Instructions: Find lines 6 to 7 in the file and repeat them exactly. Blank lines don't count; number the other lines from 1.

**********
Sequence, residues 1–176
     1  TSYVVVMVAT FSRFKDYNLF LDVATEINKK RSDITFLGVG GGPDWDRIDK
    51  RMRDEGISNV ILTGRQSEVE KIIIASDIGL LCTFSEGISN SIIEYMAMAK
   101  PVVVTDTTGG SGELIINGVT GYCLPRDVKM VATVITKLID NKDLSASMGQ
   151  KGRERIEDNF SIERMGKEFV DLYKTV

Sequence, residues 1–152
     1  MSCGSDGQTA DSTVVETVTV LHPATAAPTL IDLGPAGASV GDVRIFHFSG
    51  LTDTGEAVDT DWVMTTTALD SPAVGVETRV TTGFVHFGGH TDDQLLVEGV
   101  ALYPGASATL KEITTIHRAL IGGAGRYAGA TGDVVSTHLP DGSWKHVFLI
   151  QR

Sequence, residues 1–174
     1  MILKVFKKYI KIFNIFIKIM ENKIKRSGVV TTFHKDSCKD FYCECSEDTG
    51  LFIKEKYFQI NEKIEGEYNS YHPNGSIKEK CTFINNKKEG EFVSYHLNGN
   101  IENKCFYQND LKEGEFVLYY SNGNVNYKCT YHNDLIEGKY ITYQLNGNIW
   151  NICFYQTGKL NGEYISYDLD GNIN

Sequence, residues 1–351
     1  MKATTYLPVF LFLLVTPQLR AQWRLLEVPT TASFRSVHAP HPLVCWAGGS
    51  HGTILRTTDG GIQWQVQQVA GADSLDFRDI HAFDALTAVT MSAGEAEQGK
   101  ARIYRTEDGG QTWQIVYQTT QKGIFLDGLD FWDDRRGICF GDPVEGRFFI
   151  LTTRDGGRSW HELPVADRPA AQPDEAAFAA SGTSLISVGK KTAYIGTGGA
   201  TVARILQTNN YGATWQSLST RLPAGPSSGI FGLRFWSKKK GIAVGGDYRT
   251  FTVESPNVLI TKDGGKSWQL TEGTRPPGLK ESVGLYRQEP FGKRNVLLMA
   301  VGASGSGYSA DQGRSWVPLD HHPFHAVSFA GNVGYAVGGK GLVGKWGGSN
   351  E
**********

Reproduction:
Sequence, residues 1–152
     1  MSCGSDGQTA DSTVVETVTV LHPATAAPTL IDLGPAGASV GDVRIFHFSG